This is a uranium disposal cell in Green River, Utah. It's one of several dozen sites around the United States that are the burial grounds for nuclear waste. BLDBLOG posts about this form of "Perpetual Architecture" and links to a new exhibit at Los Angeles's fantastic Center for Land Use Interpretation. "They are time capsules, of sorts, designed to take their toxic contents, undisturbed, as far into the future as possible." Read the rest
The UK's National Trust has released a free smartphone audio tour of London's Soho that apparently focuses on the neighborhood's bohemian, vice, and criminal roots that sprouted with the emergence of the jazz scene in the late 1940s. It's part of the National Trust's efforts to seem, er, hip. From The Telegraph (CC-licensed photo by -AX-):
Listeners, who will be restricted to those aged over 17, will be able to listen to drunken tales from the Groucho Club while another details how gangster “Mad” Frankie Fraser operated his protection rackets.
Other more colorful stories include those of Francis Bacon, the homosexual artist, being whipped and a former vice-squad officer pointing out a phone box that was a front for a crack den.
Ivo Dawnay, the London director of the Trust who is married to Rachel Johnson, the sister of mayor of London Boris Johnson, defended the new initiative.
“British rock-and-roll, feminism and gay liberation were all born in Soho, and this new technology allows us to deliver those stories in a vivid way,” he said.
"National Trust launches new tourist guide to Soho's red light district" (The Telegraph)
Soho Stories app (National Trust) Read the rest
Our friends at San Francisco's Treasure Island Music Festival announced the lineup of this year's extravaganza, taking place October 13-14, and it's a doozy. Unlike many of the big music festivals, Treasure Island is a much more intimate scene. (Seriously, 25,000 people really is intimate if you compare it to, say, Coachella's 85,000 punters!) The setting, right on the San Francisco Bay, is breathtaking and with just two stages, you won't spend too much time fighting the crowds. The full list is below. I am most excited to see M83 (video above), The xx, Public Enemy, Best Coast, Youth Lagoon, The War On Drugs, Grimes and plenty of bands I've never heard before. Stay tuned to Boing Boing in the coming weeks for your chance to score free tickets! The line-up:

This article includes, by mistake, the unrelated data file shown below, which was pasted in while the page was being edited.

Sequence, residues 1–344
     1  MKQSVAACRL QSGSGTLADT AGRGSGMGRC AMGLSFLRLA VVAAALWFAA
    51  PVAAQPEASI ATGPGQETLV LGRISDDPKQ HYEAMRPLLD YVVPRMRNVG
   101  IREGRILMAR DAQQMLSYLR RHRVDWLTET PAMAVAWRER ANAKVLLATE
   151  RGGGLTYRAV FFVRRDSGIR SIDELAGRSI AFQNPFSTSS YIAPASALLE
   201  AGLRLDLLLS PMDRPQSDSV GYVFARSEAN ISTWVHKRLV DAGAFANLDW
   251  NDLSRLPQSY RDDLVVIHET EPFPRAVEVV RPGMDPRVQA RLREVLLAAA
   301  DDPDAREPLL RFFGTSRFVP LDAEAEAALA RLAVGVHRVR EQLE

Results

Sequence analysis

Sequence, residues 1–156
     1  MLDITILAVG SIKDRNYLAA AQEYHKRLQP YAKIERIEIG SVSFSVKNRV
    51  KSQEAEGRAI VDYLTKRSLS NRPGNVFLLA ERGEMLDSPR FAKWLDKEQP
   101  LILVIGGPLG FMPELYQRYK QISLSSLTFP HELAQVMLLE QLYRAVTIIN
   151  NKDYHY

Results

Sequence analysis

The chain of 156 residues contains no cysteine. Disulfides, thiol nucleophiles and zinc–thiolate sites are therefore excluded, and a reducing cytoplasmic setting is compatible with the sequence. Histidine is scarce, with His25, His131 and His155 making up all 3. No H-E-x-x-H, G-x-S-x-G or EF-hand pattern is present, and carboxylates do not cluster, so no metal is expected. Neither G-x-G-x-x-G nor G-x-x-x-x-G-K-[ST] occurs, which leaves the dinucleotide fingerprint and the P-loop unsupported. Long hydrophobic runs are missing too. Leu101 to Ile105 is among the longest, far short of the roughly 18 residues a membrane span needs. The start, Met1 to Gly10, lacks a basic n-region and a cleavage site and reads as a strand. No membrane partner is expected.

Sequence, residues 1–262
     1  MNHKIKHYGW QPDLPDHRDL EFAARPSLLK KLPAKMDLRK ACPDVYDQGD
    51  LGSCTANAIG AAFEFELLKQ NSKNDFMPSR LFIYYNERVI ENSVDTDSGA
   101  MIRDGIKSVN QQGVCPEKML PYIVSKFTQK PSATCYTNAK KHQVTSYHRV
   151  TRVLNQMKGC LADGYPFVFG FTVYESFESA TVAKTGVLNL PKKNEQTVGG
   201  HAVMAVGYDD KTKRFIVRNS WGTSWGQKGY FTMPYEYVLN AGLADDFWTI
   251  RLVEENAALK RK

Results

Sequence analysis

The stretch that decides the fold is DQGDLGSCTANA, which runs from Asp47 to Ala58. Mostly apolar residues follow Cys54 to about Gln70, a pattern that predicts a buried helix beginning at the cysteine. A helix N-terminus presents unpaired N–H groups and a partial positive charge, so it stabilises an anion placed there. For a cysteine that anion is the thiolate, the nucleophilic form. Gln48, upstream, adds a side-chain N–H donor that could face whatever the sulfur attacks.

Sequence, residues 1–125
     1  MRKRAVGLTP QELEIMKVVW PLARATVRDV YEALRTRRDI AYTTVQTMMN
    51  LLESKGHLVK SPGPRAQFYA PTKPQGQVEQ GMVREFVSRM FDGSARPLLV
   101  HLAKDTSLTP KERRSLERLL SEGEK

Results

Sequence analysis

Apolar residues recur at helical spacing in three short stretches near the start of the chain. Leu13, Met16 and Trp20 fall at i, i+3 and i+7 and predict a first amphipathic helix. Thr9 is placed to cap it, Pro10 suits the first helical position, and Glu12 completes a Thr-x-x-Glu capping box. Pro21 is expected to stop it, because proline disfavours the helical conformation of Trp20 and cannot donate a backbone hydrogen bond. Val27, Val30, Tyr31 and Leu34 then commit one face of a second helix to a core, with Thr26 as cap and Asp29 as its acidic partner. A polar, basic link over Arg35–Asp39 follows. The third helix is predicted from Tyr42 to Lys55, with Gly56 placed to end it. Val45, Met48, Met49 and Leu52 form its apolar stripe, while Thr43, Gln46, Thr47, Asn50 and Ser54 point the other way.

Saturday, October 13: Girl Talk, Public Enemy, The Presets, SBTRKT, araabMUZIK, Grimes, Toro y Moi, Porter Robinson, Matthew Dear, Tycho, and Dirty Ghosts.
Sunday, October 14: The xx, M83, Divine Fits, Best Coast, Youth Lagoon, Los Campesinos!, The War on Drugs, Ty Segall, Gossip, Imperial Teen, and Hospitality.
Treasure Island Music Festival 2012
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An report in the Melbourne Herald-Sun, quoting an unlinked article in the UK Mirror (a truly awful tabloid) claims that Madonna has a DNA cleanup crew who sterilize all the surfaces and vacuum all skin cells and hair follicles after Madonna uses a dressing room, to prevent fans from getting hold of her genetic material. Given the stupid provenance, it's almost certainly not true, but it's a great plot-point for some future science fiction story.
Madonna thinks fans want her DNA | Herald Sun
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Having disrupted the traditional concert DVD distribution system with his ground-breaking DRM-free $5 download video, comedian Louis CK is now preparing to go on tour and he's going to cut out all the sleazy ticket brokers slimy scalpers, and other middle-men, and sell the tour tickets direct to fans. Tickets are a flat $45 each. He says he'll make less than he would if he went with an expensive ticketing service, but he wants to make his shows affordable.